Input data differ in their dimensions. Besides undimensioned numbers (number of inhabitants of a certain hospital) which have the geometrical characteristic of the point (0-D), there are linear (1-D) data, areas (2-D), and spatial (3-D). The table below lists some examples:

Table 1

Dimension

0 - D point

1 - D linear

2 - D areal

3 - D spatial

examples of data input

hospital inhabitants

rivers, boundaries, houses per road km

land use, natural vegetation

relief

possible output

centrality, market place

necessary communication lines

potential for certain crops or grazing

catchment area for water quantities, agricultural or pasture potential due to slope

4. Extraction of planning-relevant information

In order to combine data obtained from the use of remote sensing techniques, mainly from aircraft and satellites, with information available from other sources, numerous different identification codes are being keyed to the 1 km² cells by administrative units, natural land units, land use units, watersheds, or in many other ways that may be needed during the planning process.

In our recent work for West Sumatra, a total of 98 different classes of base data have been identified, found relevant and stored for each of the 4,500 square km cells. The planners can now operate with a data bank of approximately 440,000 items, retrieving and combining information according to their needs, using the fundamental rules of mathematical logic. Almost any computer available on the market can print out all sets and subsets of the data stored.

Data can be computed and listed in any desired sequence, in the format of tables or of topographically fixed thematic maps. The more fascinating possibility is, however, the ability of the computer to combine any of the data classes with one or more other classes, by such logical operations as conjunction (AND), disjunction (OR), negation (NOT), implication (IF - THEN) and so forth. In other words, within the universe of the data stored, the planner can extract any set, subset, union of sets, intersection of sets, or complement sets which are relevant for his planning activities. For example, the intersection of the set A of all cells of unconsolidated volcanic rock with the set B of all cells of an altitude of more than 200 m will result in the subset C = A O B of cells with a certain land use potential.

Intersected again with the complement of the set D of medium slope cells, the resulting subset will contain all cells where the potential land use may be planned.

Figure

As the data bank for West Sumatra stores 98 categories of data, these data can be matched against each other in a tremendous number of combinations. It is obvious that the majority of possible matches will be meaningless, senseless, contradictory or logically impossible. The remainder, however, will still be more than any planning team can consider for practical processing. It follows, therefore, that this way of data storage and retrieval will provide the planner with all necessary information and eliminate to a large degree the need for further data collection at a later stage when the process of planning has changed the pattern originally envisaged.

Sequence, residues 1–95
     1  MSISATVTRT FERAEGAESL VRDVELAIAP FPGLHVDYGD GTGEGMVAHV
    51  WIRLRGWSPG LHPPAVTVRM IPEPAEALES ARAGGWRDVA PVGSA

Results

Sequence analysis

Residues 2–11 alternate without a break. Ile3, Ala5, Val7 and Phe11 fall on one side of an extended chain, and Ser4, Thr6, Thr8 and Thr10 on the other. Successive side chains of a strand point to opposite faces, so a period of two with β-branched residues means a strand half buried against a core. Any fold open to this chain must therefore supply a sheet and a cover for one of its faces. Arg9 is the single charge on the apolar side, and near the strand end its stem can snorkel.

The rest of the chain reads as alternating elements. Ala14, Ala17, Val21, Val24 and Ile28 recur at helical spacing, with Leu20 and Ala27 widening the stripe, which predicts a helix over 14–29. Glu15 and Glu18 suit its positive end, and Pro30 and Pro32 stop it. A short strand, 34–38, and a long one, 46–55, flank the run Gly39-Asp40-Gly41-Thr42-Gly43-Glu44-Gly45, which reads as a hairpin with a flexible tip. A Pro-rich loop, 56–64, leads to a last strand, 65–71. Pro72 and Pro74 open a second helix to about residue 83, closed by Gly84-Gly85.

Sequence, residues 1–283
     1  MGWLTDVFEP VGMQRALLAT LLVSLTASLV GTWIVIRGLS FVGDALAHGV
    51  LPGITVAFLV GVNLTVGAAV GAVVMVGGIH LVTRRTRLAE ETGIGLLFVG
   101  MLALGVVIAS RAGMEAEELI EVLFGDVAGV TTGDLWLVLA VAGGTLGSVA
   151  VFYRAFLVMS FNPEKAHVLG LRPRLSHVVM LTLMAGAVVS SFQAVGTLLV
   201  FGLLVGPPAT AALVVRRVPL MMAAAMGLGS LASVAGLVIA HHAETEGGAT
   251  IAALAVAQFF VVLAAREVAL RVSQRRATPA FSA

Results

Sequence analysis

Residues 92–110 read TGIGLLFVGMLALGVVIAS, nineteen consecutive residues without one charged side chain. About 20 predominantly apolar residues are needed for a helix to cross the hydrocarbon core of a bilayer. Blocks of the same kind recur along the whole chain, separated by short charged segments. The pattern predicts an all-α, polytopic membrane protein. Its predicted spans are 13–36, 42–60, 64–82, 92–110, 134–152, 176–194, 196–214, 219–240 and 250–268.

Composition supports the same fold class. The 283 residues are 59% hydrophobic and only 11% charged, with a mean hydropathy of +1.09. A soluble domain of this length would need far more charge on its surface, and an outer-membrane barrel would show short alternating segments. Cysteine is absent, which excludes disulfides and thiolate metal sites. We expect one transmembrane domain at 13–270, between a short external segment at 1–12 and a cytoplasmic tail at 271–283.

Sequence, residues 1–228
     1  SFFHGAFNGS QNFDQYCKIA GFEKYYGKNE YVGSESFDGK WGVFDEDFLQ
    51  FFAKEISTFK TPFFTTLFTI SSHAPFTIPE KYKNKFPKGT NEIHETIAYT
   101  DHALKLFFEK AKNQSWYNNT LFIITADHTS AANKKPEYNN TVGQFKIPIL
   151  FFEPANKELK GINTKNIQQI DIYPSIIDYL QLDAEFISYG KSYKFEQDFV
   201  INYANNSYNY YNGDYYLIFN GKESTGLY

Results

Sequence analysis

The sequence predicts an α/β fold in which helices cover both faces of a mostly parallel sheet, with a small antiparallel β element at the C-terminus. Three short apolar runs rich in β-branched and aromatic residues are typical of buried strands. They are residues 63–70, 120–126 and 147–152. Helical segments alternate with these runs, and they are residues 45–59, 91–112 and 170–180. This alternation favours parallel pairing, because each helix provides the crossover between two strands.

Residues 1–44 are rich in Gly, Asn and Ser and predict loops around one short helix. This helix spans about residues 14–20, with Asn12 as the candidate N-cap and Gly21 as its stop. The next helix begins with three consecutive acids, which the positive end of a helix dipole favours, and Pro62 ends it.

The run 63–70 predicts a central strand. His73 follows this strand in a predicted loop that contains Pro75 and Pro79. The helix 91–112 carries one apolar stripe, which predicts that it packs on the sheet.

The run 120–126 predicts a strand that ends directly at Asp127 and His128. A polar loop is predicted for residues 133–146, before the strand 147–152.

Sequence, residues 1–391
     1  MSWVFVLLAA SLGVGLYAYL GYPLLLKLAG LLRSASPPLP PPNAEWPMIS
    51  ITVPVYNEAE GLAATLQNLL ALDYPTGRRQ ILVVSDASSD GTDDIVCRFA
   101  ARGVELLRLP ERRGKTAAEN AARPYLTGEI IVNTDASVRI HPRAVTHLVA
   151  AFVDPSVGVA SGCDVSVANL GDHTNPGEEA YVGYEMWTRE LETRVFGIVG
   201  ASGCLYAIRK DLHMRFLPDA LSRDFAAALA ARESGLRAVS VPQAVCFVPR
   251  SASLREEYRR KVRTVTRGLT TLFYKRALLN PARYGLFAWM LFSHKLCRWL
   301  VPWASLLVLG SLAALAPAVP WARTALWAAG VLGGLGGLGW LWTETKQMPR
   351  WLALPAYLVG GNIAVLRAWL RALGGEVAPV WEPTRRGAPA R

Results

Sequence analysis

The 98 categories of stored data for West Sumatra contain either absolute values like height above sea level and number of inhabitants, or relative values. Relative values are expressed as percentages within one cell, for instance 20 percent primary forest, 60 percent grassland with bushes, 20 percent cereals. Further categories identify up to 9 or 99 different properties of one cell like soil quality or the direction of the prevailing winds.

Two punched cards with 80 columns each were needed to register all data on one cell. Principally, punched card number one stores the natural data that are unlikely to change over a longer period of time except for major catastrophes. Punched card number two stores all data pertaining to land use and other socio-economic parameters that are subject to change both independently from or under the influence of project implementation. The data of the second punched card will have to be updated regularly if the data bank is to remain the most important planning tool for the local administration after the present planning project has been completed and implemented.

5. Presentation of results

There are various programs requiring various peripheral hardware for output. The simplest device is the normal line-printer using conventional characters like letters and figures. This is what we used. By repeated overprinting, a number of grey tones can be produced. Cellular maps produced in this way have the disadvantage of being hard to read if more than five classes are to be rendered. Therefore, we used the computer output as color separations and the resulting maps were printed in color. However, the normal procedure of representing one km² cell by 20 characters (5 per line, 4 in a column) does not produce satisfactory results, due to overprinting. Therefore, we applied a random distribution of fully blackened characters within the cell according to, e.g. the percentage of area covered at five or six classes, twenty dots being 100 percent, two dots 10 percent and so forth.